A cauliflower ear is a permanent deformity in the shape of the outer ear. Generally, it is brought about by injuries.
It starts as buildup of blood amidst the skin of the ear and inner cartilage after sustaining an injury. The accumulation of blood or hematoma often arises after being struck in the ear.
Injuries are likely to occur in sports such as boxing, wrestling and rugby. In case the hematoma is not correctly cared for, it might develop into scar tissue that will later appear similar as a cauliflower.
What are the indications?
In most cases, the hematoma can be quite sore and inflamed initially, but the discomfort eventually settles in a few weeks.
Management of cauliflower ear
If the individual has a freshly formed hematoma, it requires drainage by a doctor. When the hematoma has been drained, it often fills up with more fluid. The buildup of fluid can be prevented by placing a specialized dressing that places pressure on the damaged area.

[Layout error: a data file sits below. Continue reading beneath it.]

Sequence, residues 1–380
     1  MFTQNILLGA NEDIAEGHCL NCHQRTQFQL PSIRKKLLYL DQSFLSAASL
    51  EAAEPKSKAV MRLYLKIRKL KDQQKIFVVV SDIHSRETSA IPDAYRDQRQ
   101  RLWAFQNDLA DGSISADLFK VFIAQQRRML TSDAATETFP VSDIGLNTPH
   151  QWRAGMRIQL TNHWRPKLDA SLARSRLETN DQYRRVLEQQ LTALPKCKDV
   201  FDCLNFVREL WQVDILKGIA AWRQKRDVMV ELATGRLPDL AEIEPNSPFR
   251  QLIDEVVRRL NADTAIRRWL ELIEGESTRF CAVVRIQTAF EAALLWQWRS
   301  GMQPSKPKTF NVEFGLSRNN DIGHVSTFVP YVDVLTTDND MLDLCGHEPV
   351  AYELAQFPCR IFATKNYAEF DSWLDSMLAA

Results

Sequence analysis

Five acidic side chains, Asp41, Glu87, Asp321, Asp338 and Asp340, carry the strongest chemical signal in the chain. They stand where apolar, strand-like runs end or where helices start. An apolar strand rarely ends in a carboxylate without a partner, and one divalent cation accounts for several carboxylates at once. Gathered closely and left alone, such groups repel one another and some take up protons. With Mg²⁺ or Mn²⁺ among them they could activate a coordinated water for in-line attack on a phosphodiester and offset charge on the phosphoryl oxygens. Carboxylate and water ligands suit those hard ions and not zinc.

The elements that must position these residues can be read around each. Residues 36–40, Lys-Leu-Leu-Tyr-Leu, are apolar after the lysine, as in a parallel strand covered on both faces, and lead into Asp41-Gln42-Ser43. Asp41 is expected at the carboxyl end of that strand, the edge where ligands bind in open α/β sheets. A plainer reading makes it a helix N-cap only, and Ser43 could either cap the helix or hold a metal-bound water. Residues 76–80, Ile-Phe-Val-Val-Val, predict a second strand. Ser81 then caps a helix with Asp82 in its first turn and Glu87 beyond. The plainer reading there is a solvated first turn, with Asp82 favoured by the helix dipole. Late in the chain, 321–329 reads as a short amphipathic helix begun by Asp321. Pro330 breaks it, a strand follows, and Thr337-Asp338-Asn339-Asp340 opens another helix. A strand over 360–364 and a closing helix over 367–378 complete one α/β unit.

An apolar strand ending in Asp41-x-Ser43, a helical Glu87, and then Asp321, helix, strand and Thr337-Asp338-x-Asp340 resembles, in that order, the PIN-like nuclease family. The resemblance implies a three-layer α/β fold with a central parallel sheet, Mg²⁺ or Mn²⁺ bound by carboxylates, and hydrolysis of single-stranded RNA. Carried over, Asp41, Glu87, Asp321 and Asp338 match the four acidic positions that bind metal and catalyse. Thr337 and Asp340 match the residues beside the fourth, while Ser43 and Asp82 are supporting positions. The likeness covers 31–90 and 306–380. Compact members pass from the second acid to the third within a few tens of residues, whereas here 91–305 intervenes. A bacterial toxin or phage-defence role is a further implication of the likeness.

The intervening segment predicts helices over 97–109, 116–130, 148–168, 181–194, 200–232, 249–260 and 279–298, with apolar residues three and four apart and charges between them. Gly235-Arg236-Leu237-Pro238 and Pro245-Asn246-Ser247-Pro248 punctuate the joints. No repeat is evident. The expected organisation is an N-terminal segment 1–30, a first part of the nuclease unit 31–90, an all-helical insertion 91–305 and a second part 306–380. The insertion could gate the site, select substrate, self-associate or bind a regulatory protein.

A small-sized cast might be placed on the ear or a special dressing can be attached to prevent the fluid from accumulating again. The doctor will also provide antibiotics to lower the risk for infection.
In case the fluid is properly drained and does not buildup again, the skin is attached back to the ear cartilage to prevent the formation of scar tissue and deformity.
Protective head gear must be used during contact sports. This is the ideal way to prevent injuries to the ear. Additionally, immediate and correct drainage as well as compression of the hematoma are vital in preventing cauliflower ear.